South African Municipal Workers Trash Towns in Dirty Protest
There were lines of vehicles backed up and all traffic
lights were out in Nelspruit as I drove through the city Monday morning.About an hour later I arrived in
Barberton, a small town near the Swaziland border, where the main road was
blocked by burning tires, piles of rocks, cut down trees and piles of
Burning tires in the street
It was Monday, July 27, and that morning over 150,000 South
African municipal workers throughout every province in the country went on
strike and trashed cities and towns throughout the country.They were protesting after wage
agreement negotiations failed between the South African Local Government
Association and South African Municipal Workers' Union.The municipal workers rejected an offer
of an 11.5% wage increase and were demanding a 15% increase.
Jaco is Corrupt & SAMWU Demands 15% painted on the street
I camped in a park in Barberton on the edge of town on the
main road for the next two nights and each morning woke up to a crowd of
municipal workers marching down the street, chanting and dumping bags of trash
in the street.Downtown they were
doing more of the same, cutting down more trees to drag in the road and burning
tires and garbage cans.
Two protestors work together to cut down trees to block roads
Armed private security personnel closed roads and redirected
traffic as the group moved throughout the town.The reactions of the non-protesting citizens in the town was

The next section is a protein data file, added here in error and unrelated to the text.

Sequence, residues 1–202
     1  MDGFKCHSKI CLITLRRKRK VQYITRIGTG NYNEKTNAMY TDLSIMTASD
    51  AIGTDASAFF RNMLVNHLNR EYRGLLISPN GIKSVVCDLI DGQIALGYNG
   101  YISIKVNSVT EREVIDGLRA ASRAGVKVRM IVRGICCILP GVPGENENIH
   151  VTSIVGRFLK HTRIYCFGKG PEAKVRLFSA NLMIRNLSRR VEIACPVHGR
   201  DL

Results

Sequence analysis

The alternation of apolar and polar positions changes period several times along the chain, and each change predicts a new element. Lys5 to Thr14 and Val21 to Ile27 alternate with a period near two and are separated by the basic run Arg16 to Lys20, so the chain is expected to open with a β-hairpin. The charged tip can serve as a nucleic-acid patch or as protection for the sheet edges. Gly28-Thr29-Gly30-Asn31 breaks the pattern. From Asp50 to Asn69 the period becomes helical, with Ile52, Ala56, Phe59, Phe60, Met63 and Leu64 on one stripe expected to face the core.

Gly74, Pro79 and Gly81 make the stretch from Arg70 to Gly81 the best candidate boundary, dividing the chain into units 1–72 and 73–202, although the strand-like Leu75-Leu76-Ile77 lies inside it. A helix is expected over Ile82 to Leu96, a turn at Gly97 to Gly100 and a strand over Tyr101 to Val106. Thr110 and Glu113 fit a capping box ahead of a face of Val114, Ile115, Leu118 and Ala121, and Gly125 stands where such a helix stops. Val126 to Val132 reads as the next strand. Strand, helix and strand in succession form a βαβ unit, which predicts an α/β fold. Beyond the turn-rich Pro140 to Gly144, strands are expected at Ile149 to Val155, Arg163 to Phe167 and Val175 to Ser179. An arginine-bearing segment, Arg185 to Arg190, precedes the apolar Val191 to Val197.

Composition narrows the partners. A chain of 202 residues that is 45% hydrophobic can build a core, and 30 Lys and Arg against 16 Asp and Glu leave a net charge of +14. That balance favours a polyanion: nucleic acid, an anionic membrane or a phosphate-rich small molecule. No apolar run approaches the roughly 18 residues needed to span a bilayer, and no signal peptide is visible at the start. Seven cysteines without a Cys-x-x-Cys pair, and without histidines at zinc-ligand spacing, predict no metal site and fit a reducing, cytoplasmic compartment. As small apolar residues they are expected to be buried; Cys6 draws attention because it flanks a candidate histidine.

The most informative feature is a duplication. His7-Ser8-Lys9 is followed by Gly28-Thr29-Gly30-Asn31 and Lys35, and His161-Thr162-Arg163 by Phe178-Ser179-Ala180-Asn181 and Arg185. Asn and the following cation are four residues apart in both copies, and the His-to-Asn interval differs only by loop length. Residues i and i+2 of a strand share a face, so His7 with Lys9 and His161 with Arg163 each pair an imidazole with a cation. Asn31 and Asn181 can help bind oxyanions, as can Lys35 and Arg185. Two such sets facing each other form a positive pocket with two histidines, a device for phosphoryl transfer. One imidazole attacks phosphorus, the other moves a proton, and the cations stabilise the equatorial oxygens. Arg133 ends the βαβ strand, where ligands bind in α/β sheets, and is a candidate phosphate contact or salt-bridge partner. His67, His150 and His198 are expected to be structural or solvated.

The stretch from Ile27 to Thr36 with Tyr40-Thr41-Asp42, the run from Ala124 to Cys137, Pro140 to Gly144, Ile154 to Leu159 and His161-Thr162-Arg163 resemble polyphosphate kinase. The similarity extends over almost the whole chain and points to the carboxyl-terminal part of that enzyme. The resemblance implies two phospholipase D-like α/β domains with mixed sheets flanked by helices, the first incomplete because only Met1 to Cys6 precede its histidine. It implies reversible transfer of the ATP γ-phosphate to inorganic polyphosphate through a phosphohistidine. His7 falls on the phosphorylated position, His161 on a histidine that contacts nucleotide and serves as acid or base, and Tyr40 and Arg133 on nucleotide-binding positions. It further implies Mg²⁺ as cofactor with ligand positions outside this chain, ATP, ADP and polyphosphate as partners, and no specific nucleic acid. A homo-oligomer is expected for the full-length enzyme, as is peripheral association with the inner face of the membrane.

quite mixed.There were plenty of
racist and degrading comments, many people were scared of the protesters, some
were curious and observed the activities from behind the protection of armed
security guards, some shook their head in disgusts, and others sympathized with
the municipal workers despite their trashing of the town.
The protests continued for five days until SAMWU agreed to a
13% wage increase on Friday afternoon.The streets in many areas remained a mess with trash, broken bottles,
burnt tires and overturned garbage cans until those on garbage duty returned to
work on Monday morning.
Taking off to some unidentified place in the heart of Africa – somewhere with no electricity, no running water and at least one week’s journey from anything resembling a city has been a long time dream of mine.
My name is John Bradley and in May 2009, I left my job in Chicago, sold my car, moved everything else I owned into my grandma’s basement and flew to Africa. I plan to take roughly one year to overland on a budget from Cape Town to Cairo. I do not have an itinerary; I have no idea where I will be five days from now. My path is guided by the attempt to balance the urge to see and experience as much as I can with the desire to travel slowly and close to the ground.
This is where I will post my stories, photos, and videos as I move along on my journey. Feel free to post comments or send me an email with any thoughts or suggestions.